Reflecting on his collaboration with John Mackey, Stephen Holgate says: “I think it’s undervalued or underrated what can be achieved on a university campus when you have in one small area, a large collection of talented, intelligent people from different genres or different fields of expertise.“If you draw on all the skills and scope of what a university might provide, you would just expect great things to happen – I think that’s what’s happened here with this saxophone stand.”
We’re trying to build a better bridge.
Music for video games
Nearby on campus, academics have implemented a new program of cross-disciplinary collaboration between the Schools of Music, Art and Design, and Computer Science.
Music students are currently composing music and doing the sound design for video games created by students at the Academy of Interactive Entertainment in Canberra. However, what they’re learning goes beyond just creating the sound to accompany a product – they’re being equipped to play the role of both the audio producer and the programmer who codes the audio into a game.
This applies to generative music and non-linear sound – music and sound effects that respond to what the player in a game is doing or the situation they’re in.
Dr Alexander Hunter from the School of Music is a key figure in this new program.
“We’re trying to build a better bridge between what's going on in industry and what we're doing here, and not just shouting into a void or continuing to train people for something that either doesn't exist or exists much less predictably,” he says.
“If you get really good at sound design and, for instance, can make a convincing sword sound, that's interesting but it's not the part of the industry that's growing quickly.”
Knowing how to implement interactive music and sound effects in real time is the key to keeping students at the cutting edge, he says.
School of Art and Design Lecturer Dr Kit Devine had similar motivations in starting the Introduction to Virtual Reality course which intersects with the School of Music.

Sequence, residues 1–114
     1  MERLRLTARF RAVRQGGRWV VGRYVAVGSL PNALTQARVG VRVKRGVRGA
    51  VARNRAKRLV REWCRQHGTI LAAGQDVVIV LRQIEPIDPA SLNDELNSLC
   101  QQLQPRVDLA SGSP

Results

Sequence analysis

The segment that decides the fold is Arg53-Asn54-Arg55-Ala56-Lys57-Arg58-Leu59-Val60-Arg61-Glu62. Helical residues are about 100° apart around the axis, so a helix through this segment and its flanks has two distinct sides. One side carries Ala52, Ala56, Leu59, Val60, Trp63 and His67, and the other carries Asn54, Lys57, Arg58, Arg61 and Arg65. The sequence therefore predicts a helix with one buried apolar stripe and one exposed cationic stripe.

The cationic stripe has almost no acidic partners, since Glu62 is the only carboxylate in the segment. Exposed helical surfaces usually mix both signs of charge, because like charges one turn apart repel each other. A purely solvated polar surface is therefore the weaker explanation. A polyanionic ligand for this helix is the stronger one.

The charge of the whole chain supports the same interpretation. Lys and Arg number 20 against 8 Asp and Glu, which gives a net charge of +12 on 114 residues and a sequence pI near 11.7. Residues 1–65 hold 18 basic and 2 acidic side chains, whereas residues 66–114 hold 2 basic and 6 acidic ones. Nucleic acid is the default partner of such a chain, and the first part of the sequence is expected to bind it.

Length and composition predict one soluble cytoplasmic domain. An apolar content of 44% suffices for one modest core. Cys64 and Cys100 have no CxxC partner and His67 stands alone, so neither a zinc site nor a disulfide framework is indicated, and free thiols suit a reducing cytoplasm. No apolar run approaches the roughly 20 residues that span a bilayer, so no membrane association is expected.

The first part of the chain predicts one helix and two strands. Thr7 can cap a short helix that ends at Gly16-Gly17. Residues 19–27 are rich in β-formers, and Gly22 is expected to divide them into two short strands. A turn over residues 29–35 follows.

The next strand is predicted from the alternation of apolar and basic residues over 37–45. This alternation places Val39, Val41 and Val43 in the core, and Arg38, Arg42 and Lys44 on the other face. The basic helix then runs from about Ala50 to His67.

“I felt the price of entry to VR had dropped sufficiently that it was on the cusp of going mainstream,” she says. “And as VR moves into the mainstream, it represents jobs for students to do in a creative field.
“VR is inherently multidisciplinary and that is reflected in the enrolments in the course which includes students from Advanced Computing, Commerce, Design Arts, Engineering, Information Design, Music and Visual Arts programs at both the undergraduate and postgraduate level.”
One student, Zoe Tulip, blended the VR course with music by creating a virtual room with percussion instruments that players can hit to produce sounds.
The sounds were true to life – recordings Zoe had made of items in the School’s instrument room, which she hit with different implements.
“I would not have been able to create this without access to the School of Music, and I’m a lot further forward with my project as a result of the growing relationship between the two Schools,” she says.
A third school, Computer Science, has formalised its ties with Music and Art, opening up its TechLauncher initiative to both.
Among the projects is a ‘soundwalk’ mobile app being developed for Mulligan’s Flat Woodland Sanctuary by a team that includes third year Art student Whitley Rosenberg.